The biggest problem -- though not officially recognized as such -- came from trying to cope with the emotional residue threatening to bury her. Krystina had known little violence on her home planet, Slatter's Place. Her main interest in life had been to finish her economic education then launch her own business.

The Draft had ended that hope for good.

Draft Screening had unearthed her latent telekinetic ability. While earlier in the Silence Wars, advanced education would have granted her an exemption, such requests now received rejection with alarming frequency, all in the name of "equality." Without political clout, her worried parents could do nothing to spare her the pain of losing her dreams and her freedom.

Yanked from school, she had been carted off for training in a Silence Team. On Gold Point, she had met her first Anjehnian and Sandalian. Understanding and practicing the Transformation until the process became automatic had consumed a grueling two months.

Boosted and directed by the Sandalian, Krystina and Vagra had engaged in their first Silent Combat, sending their projection through the Federation shield, the only avenue that had yet been devised for defeating the barrier Dr. Ching had discovered so long ago on Terra.

As they had worked to disable the shield generator, the enemy Team had counterattacked. Seeking to tear asunder the invaders' bonds and perhaps even shatter their minds and bodies, the Federation Team had rammed viciously and repeatedly against them. Fighting for her life, Krystina had struck back...and won.

But the victory had left a bitter taste. She truly no longer cared if the dead and injured still arriving wore green or blue...not because their suffering did not tear at her compassion, but precisely because it did. Neither the drafted nor the Drafted on either side of the shields wanted or asked to be there. None of them desired a life both short and painful. None eagerly sought to inflict injuries on others judged by their respective leaders to be "the enemy."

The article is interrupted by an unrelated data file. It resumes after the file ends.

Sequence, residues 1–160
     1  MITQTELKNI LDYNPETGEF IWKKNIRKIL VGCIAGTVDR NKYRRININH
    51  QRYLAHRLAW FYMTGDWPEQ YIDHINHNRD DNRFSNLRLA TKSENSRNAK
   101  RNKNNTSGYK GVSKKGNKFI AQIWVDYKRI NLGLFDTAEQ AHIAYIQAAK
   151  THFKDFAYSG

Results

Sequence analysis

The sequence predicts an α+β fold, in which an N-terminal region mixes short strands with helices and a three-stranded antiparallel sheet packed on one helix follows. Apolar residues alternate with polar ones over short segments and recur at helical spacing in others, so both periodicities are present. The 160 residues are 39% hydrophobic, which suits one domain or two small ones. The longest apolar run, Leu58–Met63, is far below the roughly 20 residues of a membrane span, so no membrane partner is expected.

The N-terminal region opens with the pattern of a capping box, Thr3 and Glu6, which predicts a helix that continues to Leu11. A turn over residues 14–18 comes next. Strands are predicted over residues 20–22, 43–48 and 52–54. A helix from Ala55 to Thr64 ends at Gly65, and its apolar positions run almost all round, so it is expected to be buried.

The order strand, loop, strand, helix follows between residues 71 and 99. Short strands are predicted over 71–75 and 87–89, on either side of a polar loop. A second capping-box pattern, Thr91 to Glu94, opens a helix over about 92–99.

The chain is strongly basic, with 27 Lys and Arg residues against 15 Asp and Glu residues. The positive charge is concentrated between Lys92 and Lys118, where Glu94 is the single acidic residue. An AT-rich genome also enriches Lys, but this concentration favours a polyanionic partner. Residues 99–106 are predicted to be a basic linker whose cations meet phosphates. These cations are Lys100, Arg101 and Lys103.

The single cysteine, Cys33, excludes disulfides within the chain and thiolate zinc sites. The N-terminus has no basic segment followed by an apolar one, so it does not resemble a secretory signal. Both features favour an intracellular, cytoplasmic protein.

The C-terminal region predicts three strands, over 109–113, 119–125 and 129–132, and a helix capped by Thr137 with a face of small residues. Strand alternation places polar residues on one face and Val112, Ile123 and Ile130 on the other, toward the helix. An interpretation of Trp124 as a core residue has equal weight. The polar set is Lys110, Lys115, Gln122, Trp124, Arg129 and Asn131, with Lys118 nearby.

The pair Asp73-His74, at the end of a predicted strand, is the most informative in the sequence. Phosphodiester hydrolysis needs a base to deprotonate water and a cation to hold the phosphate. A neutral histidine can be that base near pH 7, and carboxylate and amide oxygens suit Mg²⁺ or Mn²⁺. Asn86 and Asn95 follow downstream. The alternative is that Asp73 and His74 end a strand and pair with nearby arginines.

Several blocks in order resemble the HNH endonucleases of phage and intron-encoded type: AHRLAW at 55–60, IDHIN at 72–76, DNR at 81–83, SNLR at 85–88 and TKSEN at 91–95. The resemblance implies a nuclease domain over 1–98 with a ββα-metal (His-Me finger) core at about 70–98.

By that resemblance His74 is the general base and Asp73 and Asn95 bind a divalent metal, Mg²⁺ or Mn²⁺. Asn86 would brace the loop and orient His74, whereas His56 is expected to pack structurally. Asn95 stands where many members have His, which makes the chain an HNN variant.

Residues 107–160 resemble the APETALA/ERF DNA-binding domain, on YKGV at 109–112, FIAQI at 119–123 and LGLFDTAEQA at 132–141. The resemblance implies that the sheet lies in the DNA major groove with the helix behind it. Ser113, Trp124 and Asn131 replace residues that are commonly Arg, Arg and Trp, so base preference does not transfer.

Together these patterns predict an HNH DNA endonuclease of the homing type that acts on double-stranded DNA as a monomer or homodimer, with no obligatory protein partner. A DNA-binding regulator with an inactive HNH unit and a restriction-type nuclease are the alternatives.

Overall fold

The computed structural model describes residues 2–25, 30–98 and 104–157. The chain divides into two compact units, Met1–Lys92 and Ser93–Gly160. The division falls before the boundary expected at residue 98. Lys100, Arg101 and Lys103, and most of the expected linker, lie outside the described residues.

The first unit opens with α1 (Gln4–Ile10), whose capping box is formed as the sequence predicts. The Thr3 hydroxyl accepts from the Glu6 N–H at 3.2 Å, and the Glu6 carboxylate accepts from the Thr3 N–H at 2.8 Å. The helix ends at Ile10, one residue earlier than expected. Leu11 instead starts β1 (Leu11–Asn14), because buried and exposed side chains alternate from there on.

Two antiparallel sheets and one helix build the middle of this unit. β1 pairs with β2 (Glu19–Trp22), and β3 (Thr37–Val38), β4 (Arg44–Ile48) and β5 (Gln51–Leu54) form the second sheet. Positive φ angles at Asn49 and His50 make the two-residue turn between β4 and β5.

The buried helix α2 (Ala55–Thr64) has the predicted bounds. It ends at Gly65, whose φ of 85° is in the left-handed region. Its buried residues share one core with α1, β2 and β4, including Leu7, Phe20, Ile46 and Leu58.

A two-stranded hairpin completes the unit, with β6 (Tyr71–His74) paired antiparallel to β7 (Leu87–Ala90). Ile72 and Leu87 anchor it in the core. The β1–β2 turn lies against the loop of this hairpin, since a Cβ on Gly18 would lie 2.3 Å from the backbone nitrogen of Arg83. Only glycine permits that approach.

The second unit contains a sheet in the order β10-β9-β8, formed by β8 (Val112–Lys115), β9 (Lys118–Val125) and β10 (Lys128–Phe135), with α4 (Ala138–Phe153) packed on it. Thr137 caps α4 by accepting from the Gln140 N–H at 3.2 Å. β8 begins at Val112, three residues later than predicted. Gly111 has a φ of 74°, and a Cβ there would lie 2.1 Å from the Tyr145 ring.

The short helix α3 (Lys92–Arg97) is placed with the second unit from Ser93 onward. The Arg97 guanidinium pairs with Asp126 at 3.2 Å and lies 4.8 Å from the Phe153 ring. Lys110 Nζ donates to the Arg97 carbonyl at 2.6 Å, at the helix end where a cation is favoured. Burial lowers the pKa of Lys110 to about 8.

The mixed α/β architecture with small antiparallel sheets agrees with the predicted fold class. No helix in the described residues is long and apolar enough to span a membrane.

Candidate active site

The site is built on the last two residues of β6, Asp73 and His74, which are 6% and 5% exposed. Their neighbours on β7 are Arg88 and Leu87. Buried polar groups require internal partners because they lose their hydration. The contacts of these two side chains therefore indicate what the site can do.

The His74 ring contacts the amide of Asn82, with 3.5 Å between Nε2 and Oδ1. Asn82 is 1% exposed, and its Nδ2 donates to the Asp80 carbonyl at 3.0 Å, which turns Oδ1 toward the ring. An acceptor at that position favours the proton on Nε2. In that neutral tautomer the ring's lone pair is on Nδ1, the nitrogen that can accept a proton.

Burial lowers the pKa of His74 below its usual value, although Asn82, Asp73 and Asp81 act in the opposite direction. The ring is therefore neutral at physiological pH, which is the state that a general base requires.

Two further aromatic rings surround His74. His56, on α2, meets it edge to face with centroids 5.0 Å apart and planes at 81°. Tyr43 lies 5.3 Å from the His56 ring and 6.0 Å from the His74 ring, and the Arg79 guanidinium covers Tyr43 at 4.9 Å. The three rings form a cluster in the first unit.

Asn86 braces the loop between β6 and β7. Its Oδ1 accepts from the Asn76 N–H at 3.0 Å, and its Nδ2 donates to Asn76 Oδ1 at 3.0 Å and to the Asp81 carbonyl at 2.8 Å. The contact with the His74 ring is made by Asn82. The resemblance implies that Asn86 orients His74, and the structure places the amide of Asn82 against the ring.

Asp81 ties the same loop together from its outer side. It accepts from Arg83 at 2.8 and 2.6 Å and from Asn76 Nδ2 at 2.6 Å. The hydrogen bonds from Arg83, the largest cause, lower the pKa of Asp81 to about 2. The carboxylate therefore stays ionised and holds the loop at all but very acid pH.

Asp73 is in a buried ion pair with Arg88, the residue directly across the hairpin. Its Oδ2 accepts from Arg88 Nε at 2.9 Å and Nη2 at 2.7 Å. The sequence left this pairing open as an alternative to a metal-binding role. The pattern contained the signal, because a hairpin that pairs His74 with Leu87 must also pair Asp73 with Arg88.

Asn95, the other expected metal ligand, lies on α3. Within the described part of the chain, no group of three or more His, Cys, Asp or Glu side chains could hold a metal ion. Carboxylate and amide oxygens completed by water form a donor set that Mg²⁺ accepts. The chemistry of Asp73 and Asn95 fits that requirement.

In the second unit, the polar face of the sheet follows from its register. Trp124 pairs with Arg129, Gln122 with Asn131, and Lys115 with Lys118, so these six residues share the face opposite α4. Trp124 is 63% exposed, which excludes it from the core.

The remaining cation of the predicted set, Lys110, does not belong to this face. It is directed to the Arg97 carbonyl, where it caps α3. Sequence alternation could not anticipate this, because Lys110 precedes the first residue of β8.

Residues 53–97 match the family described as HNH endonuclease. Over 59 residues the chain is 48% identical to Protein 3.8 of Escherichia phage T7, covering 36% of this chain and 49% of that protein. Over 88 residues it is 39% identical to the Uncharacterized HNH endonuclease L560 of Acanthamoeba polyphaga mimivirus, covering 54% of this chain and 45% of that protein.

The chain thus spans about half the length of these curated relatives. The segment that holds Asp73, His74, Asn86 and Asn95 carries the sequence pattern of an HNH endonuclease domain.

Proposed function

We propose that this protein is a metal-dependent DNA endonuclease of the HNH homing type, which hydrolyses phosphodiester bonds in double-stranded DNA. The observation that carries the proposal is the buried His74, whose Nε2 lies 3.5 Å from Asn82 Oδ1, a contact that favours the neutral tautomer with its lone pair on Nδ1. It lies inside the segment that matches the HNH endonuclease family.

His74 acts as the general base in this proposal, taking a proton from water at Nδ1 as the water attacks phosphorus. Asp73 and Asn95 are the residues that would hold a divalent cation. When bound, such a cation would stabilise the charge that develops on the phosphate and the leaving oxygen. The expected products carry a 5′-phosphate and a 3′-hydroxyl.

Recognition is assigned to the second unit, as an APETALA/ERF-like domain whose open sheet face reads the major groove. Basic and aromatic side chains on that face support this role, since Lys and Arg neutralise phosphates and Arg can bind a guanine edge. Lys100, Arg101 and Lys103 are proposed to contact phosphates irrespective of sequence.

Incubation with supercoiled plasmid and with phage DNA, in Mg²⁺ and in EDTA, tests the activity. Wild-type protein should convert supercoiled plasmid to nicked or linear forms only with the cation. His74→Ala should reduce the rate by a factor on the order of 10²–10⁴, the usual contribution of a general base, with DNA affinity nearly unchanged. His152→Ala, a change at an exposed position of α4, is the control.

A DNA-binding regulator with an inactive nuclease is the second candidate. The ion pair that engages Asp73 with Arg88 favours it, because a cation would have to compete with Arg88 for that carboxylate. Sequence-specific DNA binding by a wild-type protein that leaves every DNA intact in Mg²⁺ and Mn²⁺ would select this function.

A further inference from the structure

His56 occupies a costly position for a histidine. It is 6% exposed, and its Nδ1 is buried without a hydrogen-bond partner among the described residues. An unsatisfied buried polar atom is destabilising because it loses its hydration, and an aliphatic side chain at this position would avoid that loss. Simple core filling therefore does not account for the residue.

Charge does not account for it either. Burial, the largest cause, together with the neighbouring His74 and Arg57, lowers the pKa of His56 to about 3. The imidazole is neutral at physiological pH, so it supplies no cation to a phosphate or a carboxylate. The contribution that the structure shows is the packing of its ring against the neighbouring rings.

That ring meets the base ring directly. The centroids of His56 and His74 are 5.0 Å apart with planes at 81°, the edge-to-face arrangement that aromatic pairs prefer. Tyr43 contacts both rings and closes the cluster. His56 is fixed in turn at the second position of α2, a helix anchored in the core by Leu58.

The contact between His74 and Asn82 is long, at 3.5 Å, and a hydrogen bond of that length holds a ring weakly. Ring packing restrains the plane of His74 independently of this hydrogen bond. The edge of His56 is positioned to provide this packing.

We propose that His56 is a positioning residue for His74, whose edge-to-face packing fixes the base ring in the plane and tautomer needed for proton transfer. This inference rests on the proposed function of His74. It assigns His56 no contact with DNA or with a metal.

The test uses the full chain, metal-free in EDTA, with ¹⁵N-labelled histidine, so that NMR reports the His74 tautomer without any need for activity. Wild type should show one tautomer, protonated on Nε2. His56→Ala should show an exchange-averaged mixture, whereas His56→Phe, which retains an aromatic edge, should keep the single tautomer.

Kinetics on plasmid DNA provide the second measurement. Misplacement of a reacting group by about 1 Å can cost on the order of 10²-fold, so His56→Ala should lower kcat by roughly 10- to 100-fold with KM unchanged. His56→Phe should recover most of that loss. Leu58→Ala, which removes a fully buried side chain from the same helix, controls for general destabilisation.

No essential differences in ideology that Krystina could discern distinguished the Federation from the Consortium; none worth dying or killing for, anyway. Each side declared certain worlds their exclusive property...regardless of how the people inhabiting the contested areas felt about that issue. Each side believed their claims justified any use of force they could bring to bear.

The Sandalian shuffled up to Krystina and extended one of its four ropy upper limbs. "Come, Krystina. The battle is won. Time for us to return to the ship."

For a long moment, Krystina stared up at the entity that (with its kin) made the Transformation -- and thus the Silence Wars -- possible. Without the Sandalian neuters, the Shield Peace would yet be intact, shields impenetrable and invulnerable as Dr. Ching had intended.

But this neuter could no more be responsible for its presence on Hondreau than could she. The male Sandalian, Embehloh, had long ago set in motion the chain of events culminating in their present predicament. Travelling on the Consortium passenger ship, Kendall, and distraught over the death of his female partner, Embehloh had stabbed himself next to the force shield generator designed to protect the ship during emergencies, then activated the shield set to a ten-foot radius. Desperate to save its...companion?...friend?...lover?...master?...the neuter accompanying Embehloh had kidnapped a human male and an Anjehnian female on the ship, forming the first primitive, makeshift Team. Penetrating the shield, the neuter had disabled the generator...too late, though, to save Embehloh.